“What is the World Bank and why do I care what it thinks?”  Tim Coleman, a partner at Freshfields Bruckhaus Deringer, told The FCPA Report that many clients have that question – often prompted by an unexpected notice from the World Bank.  Companies that have contracted with foreign governments on a World Bank-financed project, along with companies that have signed deferred prosecution agreements with the DOJ containing a World Bank cooperation clause, may have put themselves in the World Bank’s jurisdiction.  “Any company or individual who touches my money is subject to the jurisdiction of my office,” Stephen Zimmermann, Director of Operations of the Integrity Vice Presidency of the World Bank, said at a speech at the American Conference Institute’s FCPA conference in New York.  And, he said, “just about every developing country project has World Bank money.”  The World Bank, which made $35 billion in loans last year to tens of thousands of contractors, is increasingly using its economic and political leverage to enforce its rules against fraud, collusion, obstruction, corruption and coercion. Penalties include not only debarment from the World Bank and the other major global development banks, but because the World Bank cooperates with governments around the world, investigations and potential penalties under national anti-corruption regimes.  Recently, a panel of World Bank experts at the Practising Law Institute’s FCPA and International Anti-Corruption Developments program, including Zimmermann, addressed critical issues about the Bank and its investigations.  One of the panelists, Tim Coleman, a partner at Freshfields, along with associate Jonathan Ware, further spoke with The FCPA Report about the challenges companies may face when the Bank investigates them and whether it makes sense for companies to settle.  See also “Doing Business with the World Bank: Understanding and Avoiding Debarment,” The FCPA Report, Vol. 2, No. 10 (May 15, 2013).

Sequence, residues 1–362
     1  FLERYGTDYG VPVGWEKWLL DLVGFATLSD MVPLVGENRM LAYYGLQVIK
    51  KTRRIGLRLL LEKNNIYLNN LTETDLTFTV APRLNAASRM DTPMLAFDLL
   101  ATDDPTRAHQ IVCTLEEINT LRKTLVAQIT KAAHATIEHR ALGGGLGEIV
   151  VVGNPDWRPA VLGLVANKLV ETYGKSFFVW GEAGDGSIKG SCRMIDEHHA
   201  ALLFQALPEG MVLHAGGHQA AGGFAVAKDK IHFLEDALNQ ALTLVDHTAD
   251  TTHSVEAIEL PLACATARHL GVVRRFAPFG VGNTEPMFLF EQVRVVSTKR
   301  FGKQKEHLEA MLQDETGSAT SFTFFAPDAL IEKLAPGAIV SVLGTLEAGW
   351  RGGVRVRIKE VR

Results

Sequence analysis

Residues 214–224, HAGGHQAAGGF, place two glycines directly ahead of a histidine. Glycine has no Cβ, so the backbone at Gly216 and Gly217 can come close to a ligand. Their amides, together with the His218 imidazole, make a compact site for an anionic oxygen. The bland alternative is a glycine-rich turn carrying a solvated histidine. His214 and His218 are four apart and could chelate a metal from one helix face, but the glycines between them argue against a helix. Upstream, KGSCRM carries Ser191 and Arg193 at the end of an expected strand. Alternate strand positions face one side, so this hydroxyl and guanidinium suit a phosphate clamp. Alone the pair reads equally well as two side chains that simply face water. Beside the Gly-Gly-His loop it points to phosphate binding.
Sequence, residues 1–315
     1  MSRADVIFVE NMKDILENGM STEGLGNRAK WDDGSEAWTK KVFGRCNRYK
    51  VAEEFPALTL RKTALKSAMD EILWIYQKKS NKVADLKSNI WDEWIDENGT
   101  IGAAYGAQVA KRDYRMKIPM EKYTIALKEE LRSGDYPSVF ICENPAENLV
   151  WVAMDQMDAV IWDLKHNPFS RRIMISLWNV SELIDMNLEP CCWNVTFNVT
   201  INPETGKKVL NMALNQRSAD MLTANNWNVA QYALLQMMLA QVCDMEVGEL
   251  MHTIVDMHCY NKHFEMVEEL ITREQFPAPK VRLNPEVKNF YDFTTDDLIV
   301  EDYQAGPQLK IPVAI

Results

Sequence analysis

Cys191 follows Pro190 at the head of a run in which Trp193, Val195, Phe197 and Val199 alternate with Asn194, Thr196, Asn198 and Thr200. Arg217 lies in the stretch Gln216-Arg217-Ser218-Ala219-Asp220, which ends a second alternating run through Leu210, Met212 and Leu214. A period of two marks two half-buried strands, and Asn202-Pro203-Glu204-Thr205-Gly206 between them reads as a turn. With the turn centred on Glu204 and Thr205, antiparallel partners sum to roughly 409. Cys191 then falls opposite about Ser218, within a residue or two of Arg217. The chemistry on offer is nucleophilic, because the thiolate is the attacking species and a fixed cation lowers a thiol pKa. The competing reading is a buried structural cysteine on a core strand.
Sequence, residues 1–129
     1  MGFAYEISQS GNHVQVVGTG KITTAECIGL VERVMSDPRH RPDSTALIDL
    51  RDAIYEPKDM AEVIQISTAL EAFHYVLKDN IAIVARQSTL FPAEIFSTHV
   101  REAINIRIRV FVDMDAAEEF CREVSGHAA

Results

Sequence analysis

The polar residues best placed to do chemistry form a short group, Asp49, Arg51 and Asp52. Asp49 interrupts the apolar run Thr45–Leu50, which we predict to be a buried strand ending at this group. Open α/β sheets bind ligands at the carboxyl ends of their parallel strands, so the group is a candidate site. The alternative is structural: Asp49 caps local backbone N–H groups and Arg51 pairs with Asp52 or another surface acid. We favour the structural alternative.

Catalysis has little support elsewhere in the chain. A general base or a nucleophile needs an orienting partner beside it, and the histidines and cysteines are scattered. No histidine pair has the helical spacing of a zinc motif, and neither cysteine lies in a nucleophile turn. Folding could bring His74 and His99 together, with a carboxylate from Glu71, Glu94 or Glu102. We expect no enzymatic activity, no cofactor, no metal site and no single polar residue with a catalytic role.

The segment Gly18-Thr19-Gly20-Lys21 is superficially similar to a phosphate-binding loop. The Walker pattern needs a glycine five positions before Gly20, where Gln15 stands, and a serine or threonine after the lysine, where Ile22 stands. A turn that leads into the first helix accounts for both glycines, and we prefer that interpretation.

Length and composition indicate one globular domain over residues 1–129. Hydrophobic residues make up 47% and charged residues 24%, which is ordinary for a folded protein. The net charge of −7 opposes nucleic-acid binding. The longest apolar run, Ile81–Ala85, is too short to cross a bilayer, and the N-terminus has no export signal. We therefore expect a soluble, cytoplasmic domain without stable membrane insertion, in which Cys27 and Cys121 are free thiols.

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  • From Vol. 3 No.6 (Mar. 19, 2014)

    Siemens’ Debarment Highlights the Crux of the Brazilian Business Challenge: Corruption Is Clear, But Anti-Corruption Law Is Ambiguous